"I have been working on this volcano for a long time," Nik Wallenda said

By Lindsay Kimble
March 02, 2020 11:18 AM
Kathy Hutchins/Shutterstock

Nik Wallenda‘s decision to walk a tightrope across an active volcano wasn’t made on a whim.

“I went around researching volcanoes for the last six or seven years, visiting several of them in person,” Wallenda tells PEOPLE ahead of his daring Volcano Live with Nik Wallenda stunt..“It was very important to me that it had an active lava lake at the bottom … [I wanted the] sound of it as that lava smacks.”

On Wednesday, the high-wire stuntman, 41, will traverse the mouth of the active Masaya Volcano in Nicaragua. Airing live as part of a two-hour special on ABC, the spectacle puts Wallenda across an 1,800-foot stretch of tightrope above a lava-filled lake in the vent below.

This will be the longest and highest high-wire walk that Wallenda — a seventh-generation member of the Great Wallendas — has ever attempted. He will also be the first person to walk across the volcano, which is part of the Pacific Ring of Fire.

“It’s not as though, like last week I was like, ‘Hey, let’s do this,’ ” jokes Wallenda to PEOPLE. “This is to hopefully inspire people, and encourage people to constantly push themselves … and that’s really what it’s about. In order to do that I’ve got to continue to push myself, and that’s why I choose locations like this. I’m challenging myself to be better.”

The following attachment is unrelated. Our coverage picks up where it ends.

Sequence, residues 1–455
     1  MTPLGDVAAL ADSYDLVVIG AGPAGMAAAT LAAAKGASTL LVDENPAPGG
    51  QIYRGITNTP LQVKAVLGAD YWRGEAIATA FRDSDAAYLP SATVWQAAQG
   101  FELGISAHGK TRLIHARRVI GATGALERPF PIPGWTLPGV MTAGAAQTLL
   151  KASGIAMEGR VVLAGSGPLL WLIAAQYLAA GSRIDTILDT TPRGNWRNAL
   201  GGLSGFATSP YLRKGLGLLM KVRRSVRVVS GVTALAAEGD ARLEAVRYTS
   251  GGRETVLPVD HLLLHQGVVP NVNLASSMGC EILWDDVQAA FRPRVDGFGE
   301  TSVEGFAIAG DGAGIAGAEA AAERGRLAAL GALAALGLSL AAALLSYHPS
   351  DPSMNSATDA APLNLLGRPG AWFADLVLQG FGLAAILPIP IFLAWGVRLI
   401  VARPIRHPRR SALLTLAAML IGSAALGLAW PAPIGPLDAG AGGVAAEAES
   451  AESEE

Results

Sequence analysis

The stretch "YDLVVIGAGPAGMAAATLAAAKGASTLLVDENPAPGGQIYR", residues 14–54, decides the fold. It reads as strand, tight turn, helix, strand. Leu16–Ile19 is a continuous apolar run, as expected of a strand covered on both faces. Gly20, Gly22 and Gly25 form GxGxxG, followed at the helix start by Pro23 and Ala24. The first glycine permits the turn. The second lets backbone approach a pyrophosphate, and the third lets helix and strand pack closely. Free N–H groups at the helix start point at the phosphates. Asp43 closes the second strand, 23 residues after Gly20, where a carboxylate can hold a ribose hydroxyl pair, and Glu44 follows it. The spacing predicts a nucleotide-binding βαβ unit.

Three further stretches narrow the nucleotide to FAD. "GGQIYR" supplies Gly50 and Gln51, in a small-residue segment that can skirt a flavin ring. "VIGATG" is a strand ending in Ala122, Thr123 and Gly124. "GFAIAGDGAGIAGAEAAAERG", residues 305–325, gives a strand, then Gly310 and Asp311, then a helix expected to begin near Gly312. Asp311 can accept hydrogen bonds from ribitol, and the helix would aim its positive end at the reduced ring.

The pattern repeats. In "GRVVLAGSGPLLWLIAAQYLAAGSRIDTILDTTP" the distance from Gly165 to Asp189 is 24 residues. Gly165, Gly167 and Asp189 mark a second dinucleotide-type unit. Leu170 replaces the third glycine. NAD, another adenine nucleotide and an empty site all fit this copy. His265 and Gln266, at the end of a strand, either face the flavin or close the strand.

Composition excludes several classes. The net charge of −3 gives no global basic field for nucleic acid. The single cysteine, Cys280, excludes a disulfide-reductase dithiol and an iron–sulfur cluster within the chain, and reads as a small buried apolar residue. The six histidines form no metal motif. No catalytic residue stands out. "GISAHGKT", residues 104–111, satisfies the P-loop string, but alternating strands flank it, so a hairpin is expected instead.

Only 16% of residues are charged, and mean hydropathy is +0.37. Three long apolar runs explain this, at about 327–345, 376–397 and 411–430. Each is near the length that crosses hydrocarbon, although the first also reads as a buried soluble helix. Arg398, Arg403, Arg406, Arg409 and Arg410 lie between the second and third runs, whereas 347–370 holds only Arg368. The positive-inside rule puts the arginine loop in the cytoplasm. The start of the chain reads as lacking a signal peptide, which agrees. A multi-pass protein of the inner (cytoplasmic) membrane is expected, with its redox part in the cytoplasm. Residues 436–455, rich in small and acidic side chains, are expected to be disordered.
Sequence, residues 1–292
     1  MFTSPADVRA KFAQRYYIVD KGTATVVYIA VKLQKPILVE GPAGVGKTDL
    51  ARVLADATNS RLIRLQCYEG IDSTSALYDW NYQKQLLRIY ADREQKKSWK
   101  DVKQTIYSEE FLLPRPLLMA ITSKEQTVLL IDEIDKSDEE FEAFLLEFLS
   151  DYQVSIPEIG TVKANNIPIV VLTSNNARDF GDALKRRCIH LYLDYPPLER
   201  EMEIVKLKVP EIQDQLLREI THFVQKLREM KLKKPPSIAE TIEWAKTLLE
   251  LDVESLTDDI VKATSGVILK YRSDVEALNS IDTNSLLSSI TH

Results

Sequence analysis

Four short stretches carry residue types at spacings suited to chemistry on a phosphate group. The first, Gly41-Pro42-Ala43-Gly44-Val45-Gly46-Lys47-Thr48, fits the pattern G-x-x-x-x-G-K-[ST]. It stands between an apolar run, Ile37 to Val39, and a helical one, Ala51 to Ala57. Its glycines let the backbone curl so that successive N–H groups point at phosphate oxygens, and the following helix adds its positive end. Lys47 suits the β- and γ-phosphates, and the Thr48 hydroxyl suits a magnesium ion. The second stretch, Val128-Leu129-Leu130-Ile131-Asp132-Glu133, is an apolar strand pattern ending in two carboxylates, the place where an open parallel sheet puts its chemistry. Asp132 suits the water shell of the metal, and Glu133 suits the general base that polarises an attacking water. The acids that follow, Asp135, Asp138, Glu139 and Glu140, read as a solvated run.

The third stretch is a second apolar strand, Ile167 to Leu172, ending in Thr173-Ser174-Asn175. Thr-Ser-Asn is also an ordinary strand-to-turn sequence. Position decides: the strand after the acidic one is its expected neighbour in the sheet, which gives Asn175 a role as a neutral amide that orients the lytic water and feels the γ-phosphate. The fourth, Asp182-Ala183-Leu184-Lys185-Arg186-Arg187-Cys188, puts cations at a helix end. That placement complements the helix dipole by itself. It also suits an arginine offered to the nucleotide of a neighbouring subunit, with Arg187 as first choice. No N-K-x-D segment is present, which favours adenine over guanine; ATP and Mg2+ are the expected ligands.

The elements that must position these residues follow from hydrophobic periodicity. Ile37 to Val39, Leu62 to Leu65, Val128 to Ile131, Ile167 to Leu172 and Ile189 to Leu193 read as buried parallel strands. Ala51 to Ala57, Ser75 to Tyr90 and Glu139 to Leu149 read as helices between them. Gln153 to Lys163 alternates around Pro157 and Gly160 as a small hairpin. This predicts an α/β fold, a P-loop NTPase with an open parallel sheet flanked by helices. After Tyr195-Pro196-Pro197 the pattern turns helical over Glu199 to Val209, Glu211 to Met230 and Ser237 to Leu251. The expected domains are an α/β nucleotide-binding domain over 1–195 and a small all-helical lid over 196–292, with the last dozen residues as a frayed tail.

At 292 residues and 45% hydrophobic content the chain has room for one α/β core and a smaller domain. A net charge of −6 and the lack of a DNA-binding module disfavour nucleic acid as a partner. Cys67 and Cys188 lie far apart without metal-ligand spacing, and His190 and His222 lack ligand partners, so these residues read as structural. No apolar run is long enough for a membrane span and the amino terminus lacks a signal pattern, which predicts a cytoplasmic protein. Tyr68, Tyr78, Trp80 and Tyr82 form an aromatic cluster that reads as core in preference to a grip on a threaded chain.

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He adds, “I have been working on this volcano for a long time, and in fact, well before the Times Square walk, I had already gotten approval for this.”

Training has been happening for six months, Wallenda says — and it’s intense. He practices on a tightrope while wearing a gas mask and even blindfolded in prep for the thick gases produced by the volcano.

“I have been training on a wire that’s similar,” he explains, adding, “I’m training with some wind machines, just trying to prepare for anything I’ll face on that day.”

Wallenda says there’s always an “army behind-the-scenes” while he’s training and during the actual attempts, admitting, “It is very calculated … I don’t even call myself a daredevil.”

“There’s an entire team,” says Wallenda. “It’s exciting, it is sexy, it’s dramatic but the reality is, it’s fairly monitored.”

Wallenda thinks people tune into his death-defying stunts because “it is suspenseful, it is raw, it is real.”

“I think 90 percent of the people are on that wire with me and they’re stressed out and they’re anxious,” he tells PEOPLE. “So many people are dealing with the stresses and anxiety and fear that life puts in us and all of us are trying to get to the other side of that wire. We’re all on a wire, a tightrope of life.”

Volcano Live! With Nik Wallenda airs Wednesday, March 4, at 8 p.m. ET on ABC.

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